PROCURED OR RECOGNIZED BY:

  • US Department of Defense
  • Joint Program Executive Office for Chemical and Biological Defense
  • Other military services since 2002

CERTIFIED BY:

  • US Department of Homeland Security, SAFETY Act

CLEARED BY:

  • US Food and Drug Administration
  • Health Canada
  • Australian Therapeutics Goods Administration
  • Israel Ministry of Health
  • RSDL Kit is CE-marked
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The Reactive Skin Decontamination Lotion Kit is intended to remove or neutralize chemical warfare agents and T-2 Toxin from the skin.

Selected Important Safety Information
For external use. Avoid prolonged skin contact. Remove RSDL with water when conditions permit. See full Important Safety Information below.

The Reactive Skin Decontamination Lotion Kit is intended to remove or neutralize chemical warfare agents and T-2 Toxin from the skin.

Selected Important Safety Information
For external use. Avoid prolonged skin contact. Remove RSDL with water when conditions permit. See full Important Safety Information below.

According to the Organisation for the Prohibition of Chemical Weapons (OPCW), chemical weapons refer to “any toxic chemical or its precursor that can cause death, injury, temporary incapacitation or sensory irritation through its chemical action.”

the chemical warfare threat

Blister agents

(or vesicants)

Nerve agents

History of Chemical Warfare1

The use of chemical weapons has caused an estimated one million deaths throughout the world in the past century alone, since the time they were first deployed in modern warfare during World War I.2 Though the Geneva Protocol banning the use of chemical weapons was signed in 1925, many nations and groups continued to develop, produce, and stockpile chemical weapons. This activity escalated further during the Cold War and became a major area of concern for world leaders and the United Nations. Although substantial progress has been made in addressing chemical weapon threats, recent activity underscores the need for vigilance and preparedness against chemical attacks.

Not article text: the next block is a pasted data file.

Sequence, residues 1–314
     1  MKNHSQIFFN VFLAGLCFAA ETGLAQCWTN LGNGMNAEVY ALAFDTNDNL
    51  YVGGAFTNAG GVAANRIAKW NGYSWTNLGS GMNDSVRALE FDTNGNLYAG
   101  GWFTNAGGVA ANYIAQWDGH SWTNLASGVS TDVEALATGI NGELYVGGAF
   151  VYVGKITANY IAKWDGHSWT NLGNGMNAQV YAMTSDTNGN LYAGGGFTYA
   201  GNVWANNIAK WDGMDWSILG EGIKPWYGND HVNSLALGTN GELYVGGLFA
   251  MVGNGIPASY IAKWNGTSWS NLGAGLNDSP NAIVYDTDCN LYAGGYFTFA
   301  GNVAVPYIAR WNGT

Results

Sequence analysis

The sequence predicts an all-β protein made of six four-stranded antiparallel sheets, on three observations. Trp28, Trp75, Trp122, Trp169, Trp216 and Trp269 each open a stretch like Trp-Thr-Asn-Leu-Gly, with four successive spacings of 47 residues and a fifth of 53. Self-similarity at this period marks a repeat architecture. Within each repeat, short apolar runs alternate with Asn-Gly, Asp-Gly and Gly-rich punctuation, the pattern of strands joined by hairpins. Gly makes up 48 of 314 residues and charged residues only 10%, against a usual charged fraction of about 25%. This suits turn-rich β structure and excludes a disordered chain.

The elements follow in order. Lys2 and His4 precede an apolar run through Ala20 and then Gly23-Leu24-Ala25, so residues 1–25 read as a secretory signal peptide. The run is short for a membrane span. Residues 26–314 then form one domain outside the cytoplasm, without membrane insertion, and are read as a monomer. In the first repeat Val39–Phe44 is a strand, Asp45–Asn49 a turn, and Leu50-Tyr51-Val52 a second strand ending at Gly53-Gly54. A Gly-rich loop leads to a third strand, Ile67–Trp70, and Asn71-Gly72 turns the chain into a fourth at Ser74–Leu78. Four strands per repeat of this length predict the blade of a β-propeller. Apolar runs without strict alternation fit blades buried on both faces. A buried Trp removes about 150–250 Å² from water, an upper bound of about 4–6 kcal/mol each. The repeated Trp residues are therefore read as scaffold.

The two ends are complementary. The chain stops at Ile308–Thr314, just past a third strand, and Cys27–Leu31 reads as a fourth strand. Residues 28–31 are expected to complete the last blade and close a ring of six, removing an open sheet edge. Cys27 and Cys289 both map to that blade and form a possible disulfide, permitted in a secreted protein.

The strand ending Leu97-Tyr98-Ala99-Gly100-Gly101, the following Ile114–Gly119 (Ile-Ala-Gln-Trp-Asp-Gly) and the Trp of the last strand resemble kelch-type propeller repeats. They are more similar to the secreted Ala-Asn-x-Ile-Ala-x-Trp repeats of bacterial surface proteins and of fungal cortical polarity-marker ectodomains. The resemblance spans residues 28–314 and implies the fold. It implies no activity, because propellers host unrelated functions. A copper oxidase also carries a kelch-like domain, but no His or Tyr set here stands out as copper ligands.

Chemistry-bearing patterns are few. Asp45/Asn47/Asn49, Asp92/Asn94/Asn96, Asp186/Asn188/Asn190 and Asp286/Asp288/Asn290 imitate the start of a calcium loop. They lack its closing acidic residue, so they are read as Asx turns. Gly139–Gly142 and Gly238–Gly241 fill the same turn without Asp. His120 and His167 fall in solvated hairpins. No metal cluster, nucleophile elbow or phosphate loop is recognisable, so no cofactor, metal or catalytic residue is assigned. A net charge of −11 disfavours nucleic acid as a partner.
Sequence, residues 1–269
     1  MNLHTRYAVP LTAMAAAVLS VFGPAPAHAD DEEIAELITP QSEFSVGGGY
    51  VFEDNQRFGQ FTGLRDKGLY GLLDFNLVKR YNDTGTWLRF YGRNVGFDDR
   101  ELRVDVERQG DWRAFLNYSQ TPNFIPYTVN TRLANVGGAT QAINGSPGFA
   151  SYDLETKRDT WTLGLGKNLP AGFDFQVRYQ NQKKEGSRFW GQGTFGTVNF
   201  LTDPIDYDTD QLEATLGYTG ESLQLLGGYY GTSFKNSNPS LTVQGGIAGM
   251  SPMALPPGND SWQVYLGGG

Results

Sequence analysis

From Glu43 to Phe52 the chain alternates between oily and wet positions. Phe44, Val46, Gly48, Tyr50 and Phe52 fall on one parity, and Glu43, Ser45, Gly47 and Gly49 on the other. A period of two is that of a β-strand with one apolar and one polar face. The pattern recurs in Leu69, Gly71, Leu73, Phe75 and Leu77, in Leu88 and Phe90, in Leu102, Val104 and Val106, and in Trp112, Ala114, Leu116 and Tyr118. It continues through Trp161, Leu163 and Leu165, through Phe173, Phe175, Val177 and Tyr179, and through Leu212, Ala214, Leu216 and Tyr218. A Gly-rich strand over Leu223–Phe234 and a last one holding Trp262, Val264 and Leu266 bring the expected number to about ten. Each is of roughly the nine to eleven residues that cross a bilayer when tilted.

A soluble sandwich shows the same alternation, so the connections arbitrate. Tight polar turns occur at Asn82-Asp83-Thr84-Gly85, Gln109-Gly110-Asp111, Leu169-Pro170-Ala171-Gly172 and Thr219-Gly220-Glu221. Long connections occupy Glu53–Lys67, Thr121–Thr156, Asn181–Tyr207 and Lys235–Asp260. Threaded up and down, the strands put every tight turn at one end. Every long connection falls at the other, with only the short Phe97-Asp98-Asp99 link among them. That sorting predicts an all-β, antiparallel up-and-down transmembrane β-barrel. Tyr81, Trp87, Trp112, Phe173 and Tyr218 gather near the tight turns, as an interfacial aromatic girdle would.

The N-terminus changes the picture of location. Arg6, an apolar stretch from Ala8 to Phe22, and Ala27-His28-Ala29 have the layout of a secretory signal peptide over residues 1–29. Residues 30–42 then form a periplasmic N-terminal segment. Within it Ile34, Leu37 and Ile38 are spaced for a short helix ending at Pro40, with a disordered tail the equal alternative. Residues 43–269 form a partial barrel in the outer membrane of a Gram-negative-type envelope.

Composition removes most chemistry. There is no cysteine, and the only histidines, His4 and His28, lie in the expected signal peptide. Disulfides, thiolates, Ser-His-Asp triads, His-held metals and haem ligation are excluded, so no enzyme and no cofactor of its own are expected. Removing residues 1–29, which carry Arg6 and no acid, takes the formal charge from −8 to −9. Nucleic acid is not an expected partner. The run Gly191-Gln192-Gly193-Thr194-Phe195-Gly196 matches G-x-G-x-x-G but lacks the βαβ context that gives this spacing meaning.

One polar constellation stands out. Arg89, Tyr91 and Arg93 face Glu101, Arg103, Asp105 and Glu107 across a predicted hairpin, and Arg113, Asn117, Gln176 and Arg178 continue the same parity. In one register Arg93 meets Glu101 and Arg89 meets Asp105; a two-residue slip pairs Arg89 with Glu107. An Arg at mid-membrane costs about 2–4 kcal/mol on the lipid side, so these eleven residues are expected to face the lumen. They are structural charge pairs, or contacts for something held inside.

Visit the Organisation for the Prohibition of Chemical Weapons (OPCW)
For more background and history of chemical warfare.

Recent Chemical Warfare Events3

1994

Sarin used in poisoning incident in Matsumoto, a Japanese community, perpetrated by the Aum Shinrikyu doomsday cult

Sarin released in Tokyo subway, also perpetrated by Aum Shinrikyu

1995

Iraq uses mustard gas and other nerve agents against Kurdish residents in Northern Iraq

1998

Reports of sulfur mustard, chlorine gas, and other chemical weapons used in Syria in multiple attacks across various regions

2012-2017

February 13, 2017: Binary method
administration of VX used to assassinate Kim Jong-nam, half-brother of North Korean leader Kim Jong Un

April 4, 2017: Sarin gas used in Syria’s northern Idlib province, killing dozens

1. Organisation for the Prohibition of Chemical Weapons. (n.d.). Chemical Weapons Convention: Genesis and Historical Development. Retrieved April 27, 2017, from https://www.opcw.org/chemical-weapons-convention/genesis-and-historical-development/.

2. United Nations Office for Disarmament Affairs. (n.d.). Chemical Weapons. Retrieved April 17, 2017, from https://www.un.org/disarmament/wmd/chemical/.

3. Szinicz, L. (2005). History of chemical and biological warfare agents. Toxicology, 167-181.